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Instead of creating an external blog to replace the Stack Exchange blog, why don't we just leverage the normal Q&A to do this?

Here's how it would work:

  1. Write your blog post in any ordinary editor.
  2. Split your post into a question & answer pair or title/abstract/body combination (Abstract goes into question, body goes into answer).
  3. Answer your own question.
  4. Flag the post and ask a moderator to add a "Wiki Lock" to it (not Community Wiki). The Wiki Lock allows anyone to collaboratively edit the post (if they have editing privileges), but prevents other answers from being posted.

I know what you're thinking: "This won't work, because reasons." Here's why I think it will work, and why it will work better than a blog:

  1. The community owns it (with first-authorship preserved).
  2. There is already some precedent: it's called Canonical Q&A. We've already done that here at least once, with great effect.
  3. Canonical posts benefit from all of the facilities that are already provided by the Q&A machinery, such as full visibility, voting, collaborative editing and the ability to comment.

But what about closing?

In order to prevent closure, your blog post would have to be high enough quality to overcome objections like "Too Broad." Not everyone is going to rise to this level of quality, but that's why it's a Canonical post and not ordinary Q&A.

The usual "on-topic" rules would have to be relaxed a little bit. Obviously they would still have to pertain in some way to Software Engineering. But let's be honest: most questions are not closed because they are off-topic; they're closed because they're just not all that interesting, and "off-topic" provides a good excuse.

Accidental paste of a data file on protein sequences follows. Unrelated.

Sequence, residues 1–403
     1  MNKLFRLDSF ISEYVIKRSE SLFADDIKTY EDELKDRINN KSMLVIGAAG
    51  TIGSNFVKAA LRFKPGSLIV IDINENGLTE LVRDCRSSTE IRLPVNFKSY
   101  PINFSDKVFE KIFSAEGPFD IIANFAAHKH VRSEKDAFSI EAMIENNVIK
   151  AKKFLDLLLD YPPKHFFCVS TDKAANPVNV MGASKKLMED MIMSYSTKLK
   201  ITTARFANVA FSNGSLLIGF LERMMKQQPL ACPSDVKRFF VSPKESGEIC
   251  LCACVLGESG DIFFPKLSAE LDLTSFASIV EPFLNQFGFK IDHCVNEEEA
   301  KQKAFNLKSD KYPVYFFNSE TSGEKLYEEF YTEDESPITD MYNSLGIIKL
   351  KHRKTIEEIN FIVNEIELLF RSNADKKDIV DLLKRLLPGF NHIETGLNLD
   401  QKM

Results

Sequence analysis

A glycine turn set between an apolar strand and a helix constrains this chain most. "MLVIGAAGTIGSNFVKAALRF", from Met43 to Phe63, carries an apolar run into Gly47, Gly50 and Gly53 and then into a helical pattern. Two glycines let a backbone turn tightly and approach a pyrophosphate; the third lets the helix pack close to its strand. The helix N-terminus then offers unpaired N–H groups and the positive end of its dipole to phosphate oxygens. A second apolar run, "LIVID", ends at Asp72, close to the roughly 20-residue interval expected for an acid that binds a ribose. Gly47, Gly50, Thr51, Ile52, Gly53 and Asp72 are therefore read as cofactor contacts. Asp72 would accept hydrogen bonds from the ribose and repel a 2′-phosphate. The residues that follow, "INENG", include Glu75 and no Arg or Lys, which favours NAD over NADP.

On Stack Overflow, canonical questions have allowed people on many occasions to post useful, blog-like material that extends well beyond the usual parade of code troubleshooting questions. Similarly, we could use this mechanism to provide those folks who have an itch with an outlet to create better content than the usual parade of pattern matching, name that thing and "am I doing it right" questions and answers that frequent our front page.

Further Reading
List of Canonical Questions on Stack Overflow
Encyclopedia Stack Exchange

  • if moderators are technically capable to migrate to main from meta this could possibly work even better by utilising meta as a sandbox for such collaborative Q&As. Wrt little relaxing of the rules for such questions, this seems to be in line with the way how collaborative lock was intended to work: " small handful of questions that are not exactly appropriate for Stack Overflow, are popular and have useful answers where the primary value arises from the community's regular efforts to keep them updated via edits..." – gnat Jan 12 '17 at 6:26
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    I'm not convinced that the on-topic rules would have to be relaxed. Maybe it's because it's early, but I'm having trouble coming up with a question that I would wiki lock that isn't on-topic. I'm also worried about the size limit in an answer of 30000 characters (~500 words), so we may need to summarize and defer details to third-parties. Note that I think that's characters in the text field and not visible characters in the answer, so markdown and URLs eat characters. I'd be willing to help out in this, and I think @gnat is onto something with using Meta to draft these questions. – Thomas Owens Jan 12 '17 at 10:21
  • @ThomasOwens do you by chance know if it's technically possible to have a collaborative lock with more than one answer? If yes, this can help address 30K char limit (may be a bit tricky to fit into Q&A format but still). All examples I could find so far had only one answer – gnat Jan 12 '17 at 10:29
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    @gnat I'm not sure. If it is, though, you would need to post the answer before it is wiki locked. And then you fall into the 0, 1, or infinity problem - if we allow 2 answers to exist, why not 3? 4? 10? And then we don't avoid the problem that it appears we are seeking to avoid. – Thomas Owens Jan 12 '17 at 10:31